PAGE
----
The study was approved by ethical committee of Baqai medical university Karachi, Pakistan. Written informed consent was obtained from the parents of the patients and controls enrolled in this study. Sixty-five patients with β-thalassemia major and 45 healthy individuals (controls) aged between 15 to 25 years were recruited in this study. Venous blood samples were collected in un-anticoagulated tubes and allowed to clot. Serum was separated and analyzed within 6 hours. Serum calcium was determined by colorimetric method using methylmol blue indicator while serum phosphorus level was determined by ammonium molybdate end point method. Alkaline phosphatase was also measured by colorimetric method using p-nitrophenylphosphate. Serum albumin was determined by colorimetric method using bromocresol green method in semi auto analyzer.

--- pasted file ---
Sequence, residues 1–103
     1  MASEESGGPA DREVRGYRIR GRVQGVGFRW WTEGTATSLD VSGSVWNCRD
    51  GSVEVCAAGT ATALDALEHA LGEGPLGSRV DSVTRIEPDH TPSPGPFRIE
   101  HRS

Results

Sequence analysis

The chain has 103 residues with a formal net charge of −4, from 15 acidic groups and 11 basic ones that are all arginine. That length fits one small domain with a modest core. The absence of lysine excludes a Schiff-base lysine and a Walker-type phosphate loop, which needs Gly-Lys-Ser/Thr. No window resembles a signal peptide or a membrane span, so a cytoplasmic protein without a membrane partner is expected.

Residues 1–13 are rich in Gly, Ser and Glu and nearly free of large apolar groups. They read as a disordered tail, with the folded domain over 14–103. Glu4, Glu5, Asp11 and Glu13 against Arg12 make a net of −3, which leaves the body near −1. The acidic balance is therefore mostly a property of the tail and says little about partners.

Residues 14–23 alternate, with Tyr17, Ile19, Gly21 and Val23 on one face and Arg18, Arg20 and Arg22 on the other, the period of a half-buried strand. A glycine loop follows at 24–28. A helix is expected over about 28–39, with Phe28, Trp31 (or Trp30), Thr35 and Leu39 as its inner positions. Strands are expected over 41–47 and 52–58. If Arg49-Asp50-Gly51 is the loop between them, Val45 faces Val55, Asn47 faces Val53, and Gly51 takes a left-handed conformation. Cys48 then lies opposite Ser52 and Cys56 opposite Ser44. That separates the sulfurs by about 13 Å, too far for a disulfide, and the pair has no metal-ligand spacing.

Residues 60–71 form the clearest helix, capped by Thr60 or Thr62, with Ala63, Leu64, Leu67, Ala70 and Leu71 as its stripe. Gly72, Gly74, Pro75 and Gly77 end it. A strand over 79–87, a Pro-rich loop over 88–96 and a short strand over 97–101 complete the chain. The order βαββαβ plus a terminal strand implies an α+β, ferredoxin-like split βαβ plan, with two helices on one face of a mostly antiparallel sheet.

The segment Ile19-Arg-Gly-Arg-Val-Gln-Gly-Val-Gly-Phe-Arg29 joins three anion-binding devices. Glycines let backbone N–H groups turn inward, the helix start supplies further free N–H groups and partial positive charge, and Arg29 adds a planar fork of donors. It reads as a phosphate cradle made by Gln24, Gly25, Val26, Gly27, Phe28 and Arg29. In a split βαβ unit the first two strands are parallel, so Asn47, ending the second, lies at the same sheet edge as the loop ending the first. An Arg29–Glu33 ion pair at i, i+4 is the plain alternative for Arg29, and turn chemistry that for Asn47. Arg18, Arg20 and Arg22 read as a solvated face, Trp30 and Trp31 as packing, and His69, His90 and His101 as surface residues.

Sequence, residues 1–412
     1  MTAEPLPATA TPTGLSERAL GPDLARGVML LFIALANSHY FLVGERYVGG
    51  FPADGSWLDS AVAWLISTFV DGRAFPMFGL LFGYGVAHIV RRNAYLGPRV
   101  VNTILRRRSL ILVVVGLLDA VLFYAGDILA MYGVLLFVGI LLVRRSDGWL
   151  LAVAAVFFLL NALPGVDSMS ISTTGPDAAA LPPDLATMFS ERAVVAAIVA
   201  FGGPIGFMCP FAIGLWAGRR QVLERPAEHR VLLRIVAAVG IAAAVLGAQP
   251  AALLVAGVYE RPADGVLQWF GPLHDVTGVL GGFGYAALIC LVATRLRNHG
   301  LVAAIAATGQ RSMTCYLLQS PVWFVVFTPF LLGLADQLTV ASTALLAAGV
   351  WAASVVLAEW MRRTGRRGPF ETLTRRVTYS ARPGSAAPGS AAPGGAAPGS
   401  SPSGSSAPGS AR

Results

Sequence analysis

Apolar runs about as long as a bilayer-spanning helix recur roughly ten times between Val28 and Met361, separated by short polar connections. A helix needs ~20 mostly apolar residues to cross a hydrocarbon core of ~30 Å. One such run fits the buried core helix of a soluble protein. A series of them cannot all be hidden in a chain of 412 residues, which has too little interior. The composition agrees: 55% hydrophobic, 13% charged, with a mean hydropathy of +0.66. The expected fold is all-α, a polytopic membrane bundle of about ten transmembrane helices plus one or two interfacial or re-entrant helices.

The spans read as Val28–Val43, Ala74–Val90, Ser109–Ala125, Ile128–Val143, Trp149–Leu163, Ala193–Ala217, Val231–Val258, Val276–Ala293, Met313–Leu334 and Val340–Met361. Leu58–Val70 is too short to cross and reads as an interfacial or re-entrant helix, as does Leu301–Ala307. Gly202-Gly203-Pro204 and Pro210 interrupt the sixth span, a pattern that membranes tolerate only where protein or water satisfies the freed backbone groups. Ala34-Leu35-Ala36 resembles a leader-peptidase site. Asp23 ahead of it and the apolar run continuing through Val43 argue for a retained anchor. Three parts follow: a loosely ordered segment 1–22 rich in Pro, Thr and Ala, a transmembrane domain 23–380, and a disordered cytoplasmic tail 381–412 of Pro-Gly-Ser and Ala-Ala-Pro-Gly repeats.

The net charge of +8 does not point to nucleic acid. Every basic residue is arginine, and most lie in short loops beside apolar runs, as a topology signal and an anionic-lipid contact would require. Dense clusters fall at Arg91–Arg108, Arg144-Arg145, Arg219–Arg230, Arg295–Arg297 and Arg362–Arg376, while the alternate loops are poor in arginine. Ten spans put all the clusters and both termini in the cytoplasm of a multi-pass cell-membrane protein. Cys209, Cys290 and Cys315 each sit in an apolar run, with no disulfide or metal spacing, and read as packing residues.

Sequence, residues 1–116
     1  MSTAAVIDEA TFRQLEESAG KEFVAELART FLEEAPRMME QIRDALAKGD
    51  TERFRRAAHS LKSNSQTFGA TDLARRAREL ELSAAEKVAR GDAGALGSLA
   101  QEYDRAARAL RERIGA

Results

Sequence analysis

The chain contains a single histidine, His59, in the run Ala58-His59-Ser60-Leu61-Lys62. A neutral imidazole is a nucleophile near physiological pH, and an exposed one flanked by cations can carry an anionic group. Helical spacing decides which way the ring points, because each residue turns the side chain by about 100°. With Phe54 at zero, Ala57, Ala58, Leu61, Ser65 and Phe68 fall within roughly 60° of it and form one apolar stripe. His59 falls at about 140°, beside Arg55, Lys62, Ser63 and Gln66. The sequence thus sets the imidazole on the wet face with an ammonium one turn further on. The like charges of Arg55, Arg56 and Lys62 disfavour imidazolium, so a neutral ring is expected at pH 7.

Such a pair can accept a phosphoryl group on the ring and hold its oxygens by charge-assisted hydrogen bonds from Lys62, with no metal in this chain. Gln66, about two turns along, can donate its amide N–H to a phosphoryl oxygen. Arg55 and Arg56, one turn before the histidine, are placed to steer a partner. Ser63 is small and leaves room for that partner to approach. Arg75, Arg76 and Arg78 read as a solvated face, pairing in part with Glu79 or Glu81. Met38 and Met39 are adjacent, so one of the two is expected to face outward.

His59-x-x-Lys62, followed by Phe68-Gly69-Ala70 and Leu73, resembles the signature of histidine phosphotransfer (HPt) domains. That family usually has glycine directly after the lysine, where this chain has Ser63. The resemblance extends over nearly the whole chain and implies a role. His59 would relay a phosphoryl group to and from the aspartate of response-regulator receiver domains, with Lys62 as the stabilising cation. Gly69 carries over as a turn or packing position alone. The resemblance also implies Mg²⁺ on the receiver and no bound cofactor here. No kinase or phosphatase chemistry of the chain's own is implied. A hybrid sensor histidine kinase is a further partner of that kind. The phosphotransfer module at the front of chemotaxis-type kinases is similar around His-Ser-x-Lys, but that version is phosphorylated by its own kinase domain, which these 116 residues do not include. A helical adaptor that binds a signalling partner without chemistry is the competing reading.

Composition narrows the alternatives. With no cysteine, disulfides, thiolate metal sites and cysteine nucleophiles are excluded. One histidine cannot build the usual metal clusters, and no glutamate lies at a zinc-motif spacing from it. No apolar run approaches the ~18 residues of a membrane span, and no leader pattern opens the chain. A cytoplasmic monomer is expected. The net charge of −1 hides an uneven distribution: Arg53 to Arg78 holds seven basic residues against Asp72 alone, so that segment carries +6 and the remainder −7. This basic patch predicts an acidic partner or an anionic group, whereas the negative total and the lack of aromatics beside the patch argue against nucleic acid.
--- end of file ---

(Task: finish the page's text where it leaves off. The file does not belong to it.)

Statistical Analysis

Independent t-test was used for the analysis of data; p value of <0.05 was considered statistically significant.


Results of serum calcium, corrected calcium, alkaline phosphatase, inorganic phosphorus and albumin are shown in Table 1. Data analysis showed that serum calcium and corrected calcium were decreased in patients with thalassemia major as compared with controls (p<0.01 and <0.04 respectively). Alkaline phosphatase and inorganic phosphorus were significantly higher in thalassemic group than controls (p<0.001 and <0.01 respectively). Statistically no significant difference was observed for level of albumin among the patients and controls as shown in Table 1.

Parameters Controls Thalassemics  p value
Calcium (mg/dl) 9.5 ± 0.6 8.9 ± 0.47 0.01
Corrected calcium (mg/dl) 9.26 ± 0.54 8.83 ± 0.58 0.04
Alkaline phosphatase (IU/l) 124 ± 51.81 368 ± 176.36 0.001
Inorganic phosphorus (mg/dl) 3.42 ± 0.65 3.75 ± 0.26 0.01
Albumin (g/dl) 4.35 ± 0.46 4.08 ± 0.46 0.11
Data are shown as mean ± SD

Table 1: Levels of serum calcium, corrected calcium, alkaline phosphatase and inorganic phosphorus in patients with β-thalassemia major and controls.